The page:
Callaway Paradym Triple Diamond Driver Review

In this Callaway Paradym Triple Diamond driver review, we test the performance of the more compact, lower spinning head in the new Callaway driver range for 2023

Callaway Paradym Triple Diamond driver review
(Image credit: Future)
Golf Monthly Verdict

The Callaway Paradym TD is a great driver that does exactly what it says it’s going to. If you’re a player who likes to shape the ball off the tee, then this model – the more compact and traditional of the three in the range – ticks a lot of boxes.

Reasons to buy
  • +

    Premium looks

  • +

    Traditional, compact appearance at address

  • +

    Impressive distance gains over the previous generation

Reasons to avoid
  • -

    Not as forgiving as the other options in the range

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If you’re a confident ball-striker and looking for a workable driver that will help you control your spin, then Callaway has a new offering for you in 2023. It’s called Paradym, and this specific model, Paradym Triple Diamond (TD), is the low spin version that you’ll likely see being used regularly on Tour. 

One of the big differences with this new franchise compared to its predecessor, the Callaway Rogue ST, is the new 360˚ carbon chassis. This removes the need for any titanium in the body of the club, saving the engineers weight they can then place elsewhere - particularly to boost forgiveness. What’s more, the TD version has a 14g back weight that can be positioned in the front for even lower spin and maximum workability.

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Callaway Paradym TD address

(Image credit: Future)

With its 450cc clubhead, the TD driver is the smallest of the three in the range and there is no alignment aid on this version of the driver. Although only 10cc smaller than the standard Callaway Paradym driver and Callaway Paradym X driver, it appears significantly more compact at address, similar in size to the Titleist TSR4 driver. I liked this as a clear point of difference - the compact shape will not be for everyone but for those in search of a more traditional look, this will immediately strike a chord.

A note on the colour, too. The dark blue finish works well with the carbon effect pattern, giving this driver a premium look. It’s more interesting than the standard black, without being distracting, even if it can appear quite striking when the sun is out. In anything other than bright sunlight, it’s a very dark, sleek-looking clubhead behind the ball. 

Callaway Paradym face view

(Image credit: Future)

We were keen to see whether the performance of Paradym TD makes it one of the best golf drivers of 2023, so we got to work on a GC Quad launch monitor at Foresight Sports HQ. For testing, we used the Titleist Pro V1x golf ball, and, to allow us to make accurate comparisons between models, we also hit the previous generation Callaway Rogue ST TD driver. Both drivers had the same Mitsubishi Kai’Li 60s shaft, the Rogue was set to 9˚while the Paradym TD was 9.5˚ (this was as close as we could get the models we were sent). The chart below shows the data for my testing session (and includes the data from my testing of the other two Paradym drivers as well).

Callaway Paradym TD data screen

(Image credit: Future)

The fact that it gave me a whopping 11 extra yards of carry – 290 yards versus 279 yards with the previous generation Callaway Rogue ST TD – certainly got my attention. The clubhead speed and ball speed were similar, but because there was a reduction in spin – 500rpm less compared to the previous generation – I got this significant extra carry.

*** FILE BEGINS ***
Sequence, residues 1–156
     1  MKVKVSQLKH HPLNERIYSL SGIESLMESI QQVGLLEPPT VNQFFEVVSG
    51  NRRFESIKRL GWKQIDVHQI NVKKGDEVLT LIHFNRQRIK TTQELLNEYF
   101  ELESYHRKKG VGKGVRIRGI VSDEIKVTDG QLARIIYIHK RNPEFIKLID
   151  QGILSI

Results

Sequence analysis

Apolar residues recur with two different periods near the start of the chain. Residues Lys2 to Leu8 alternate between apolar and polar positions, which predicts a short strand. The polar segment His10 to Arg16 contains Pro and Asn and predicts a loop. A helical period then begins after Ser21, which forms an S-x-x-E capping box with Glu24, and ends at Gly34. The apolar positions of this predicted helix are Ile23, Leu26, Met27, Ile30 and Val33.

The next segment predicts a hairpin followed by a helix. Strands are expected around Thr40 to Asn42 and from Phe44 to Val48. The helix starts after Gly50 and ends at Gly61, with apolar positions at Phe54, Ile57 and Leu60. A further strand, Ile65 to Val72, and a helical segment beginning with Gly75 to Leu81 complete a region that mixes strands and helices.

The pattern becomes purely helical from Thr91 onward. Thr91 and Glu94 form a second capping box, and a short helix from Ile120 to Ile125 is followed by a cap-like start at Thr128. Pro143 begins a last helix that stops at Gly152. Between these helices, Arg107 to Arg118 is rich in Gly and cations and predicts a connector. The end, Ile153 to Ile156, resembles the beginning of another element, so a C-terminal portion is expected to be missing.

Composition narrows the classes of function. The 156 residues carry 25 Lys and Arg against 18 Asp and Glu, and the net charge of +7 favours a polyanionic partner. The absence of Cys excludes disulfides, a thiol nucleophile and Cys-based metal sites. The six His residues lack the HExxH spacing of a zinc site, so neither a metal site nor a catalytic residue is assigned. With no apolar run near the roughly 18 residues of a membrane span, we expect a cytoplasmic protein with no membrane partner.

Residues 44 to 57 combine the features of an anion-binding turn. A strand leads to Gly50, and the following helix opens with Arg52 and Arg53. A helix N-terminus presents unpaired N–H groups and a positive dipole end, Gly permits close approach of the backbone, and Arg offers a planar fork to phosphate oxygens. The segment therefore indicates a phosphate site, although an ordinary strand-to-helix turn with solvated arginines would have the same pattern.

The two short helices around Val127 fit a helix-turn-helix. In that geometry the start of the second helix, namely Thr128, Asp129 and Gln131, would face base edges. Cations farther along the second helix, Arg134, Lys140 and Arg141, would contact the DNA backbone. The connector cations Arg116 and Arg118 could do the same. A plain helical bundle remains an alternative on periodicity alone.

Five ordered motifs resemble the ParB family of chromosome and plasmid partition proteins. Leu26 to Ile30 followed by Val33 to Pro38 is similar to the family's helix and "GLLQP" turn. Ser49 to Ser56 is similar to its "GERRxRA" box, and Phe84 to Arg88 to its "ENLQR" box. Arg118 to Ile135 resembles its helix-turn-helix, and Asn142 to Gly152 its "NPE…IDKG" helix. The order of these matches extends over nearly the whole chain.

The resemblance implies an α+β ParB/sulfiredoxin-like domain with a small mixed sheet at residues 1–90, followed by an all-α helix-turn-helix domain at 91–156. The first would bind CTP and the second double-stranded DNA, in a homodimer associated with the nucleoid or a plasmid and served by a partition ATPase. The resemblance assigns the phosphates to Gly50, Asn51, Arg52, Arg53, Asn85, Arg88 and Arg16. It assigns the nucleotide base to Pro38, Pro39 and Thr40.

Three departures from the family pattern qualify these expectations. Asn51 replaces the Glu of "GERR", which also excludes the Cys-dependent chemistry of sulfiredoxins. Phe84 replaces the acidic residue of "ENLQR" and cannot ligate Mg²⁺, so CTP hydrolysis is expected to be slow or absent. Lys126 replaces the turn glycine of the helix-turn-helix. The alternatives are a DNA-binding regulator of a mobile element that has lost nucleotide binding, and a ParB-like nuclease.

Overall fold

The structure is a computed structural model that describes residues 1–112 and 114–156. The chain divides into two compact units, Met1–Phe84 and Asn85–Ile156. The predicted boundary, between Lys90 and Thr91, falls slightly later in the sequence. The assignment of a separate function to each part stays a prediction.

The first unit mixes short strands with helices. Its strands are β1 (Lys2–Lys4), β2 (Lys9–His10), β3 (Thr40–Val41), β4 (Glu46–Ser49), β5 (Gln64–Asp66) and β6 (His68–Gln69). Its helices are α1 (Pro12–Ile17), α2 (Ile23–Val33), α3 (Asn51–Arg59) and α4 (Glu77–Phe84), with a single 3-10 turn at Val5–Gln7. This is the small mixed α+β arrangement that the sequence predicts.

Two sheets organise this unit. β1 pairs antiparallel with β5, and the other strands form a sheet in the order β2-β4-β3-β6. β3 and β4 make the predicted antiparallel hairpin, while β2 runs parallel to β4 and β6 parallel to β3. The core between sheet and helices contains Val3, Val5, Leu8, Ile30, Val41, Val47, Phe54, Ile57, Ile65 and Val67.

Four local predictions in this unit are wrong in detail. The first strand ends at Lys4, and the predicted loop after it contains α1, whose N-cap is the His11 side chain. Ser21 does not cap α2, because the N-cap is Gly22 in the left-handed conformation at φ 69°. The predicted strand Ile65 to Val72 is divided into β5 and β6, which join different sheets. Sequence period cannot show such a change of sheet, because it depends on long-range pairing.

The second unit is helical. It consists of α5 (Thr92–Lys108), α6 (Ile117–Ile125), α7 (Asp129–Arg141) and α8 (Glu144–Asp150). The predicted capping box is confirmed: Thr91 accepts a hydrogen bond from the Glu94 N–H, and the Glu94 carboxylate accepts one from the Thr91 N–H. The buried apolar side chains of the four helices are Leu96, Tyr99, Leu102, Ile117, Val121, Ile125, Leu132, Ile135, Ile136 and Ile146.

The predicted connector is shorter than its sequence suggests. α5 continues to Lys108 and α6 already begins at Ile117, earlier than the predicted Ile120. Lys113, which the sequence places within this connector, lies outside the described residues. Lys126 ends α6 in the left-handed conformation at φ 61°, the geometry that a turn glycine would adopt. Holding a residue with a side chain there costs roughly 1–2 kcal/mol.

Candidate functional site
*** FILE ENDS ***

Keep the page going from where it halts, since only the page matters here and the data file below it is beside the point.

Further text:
Given the difference in loft, I would have expected a little more spin, and less speed, from the new model. That this wasn’t the case would suggest that improvements have been made. It’s also worth noting that I had the driver in its more forgiving setting, with the weight at the back. The data clearly shows the reduction in spin from this particular model versus the other two Paradym drivers. All in all, I was very impressed.

As you can see from the data above, during my testing session I hit all three new Paradym drivers, and the Paradym TD was the longest. However, it is important to say that I did lack consistency with it; I wasn’t as straight with the TD as I was with the standard model. As a 3-handicapper this would be a major consideration for me and whilst I really liked the looks (and the speed of the TD version), I’d veer towards with the standard model, as it gave me that little bit of added forgiveness and accuracy that I need. 

Neil Tappin

In July 2023, Neil became just the 9th editor in Golf Monthly's 112-year history. Originally working with the best coaches in the UK to produce instruction content, he has also presented many Golf Monthly videos looking at all areas of the game from Tour player interviews to the rules of golf. 

Throughout his time with the brand he has also covered equipment launches that date back well over a decade. He clearly remembers the launch of the Callaway and Nike square drivers as well as the white TaylorMade driver families, such as the RocketBallz! If you take a look at the Golf Monthly YouTube channel, you'll see his equipment videos dating back over a decade! He has also conducted 'What's In The Bag' interviews with many of the game's best players like Rory McIlroy, Dustin Johnson and Jon Rahm. Over the years, Neil has tested a vast array of products in each category and at drastically different price-points. 

Neil is currently playing: Driver: TaylorMade Stealth Plus Fairway Wood: Titleist TSR2 Hybrid: Titleist TS3 Irons: PING Blueprint S (4&5), PING Blueprint T (6-PW) Wedges: Titleist Vokey SM7 50˚, 54˚, 60˚ Putter: Odyssey Triple Track Ten Ball: Titleist Pro V1X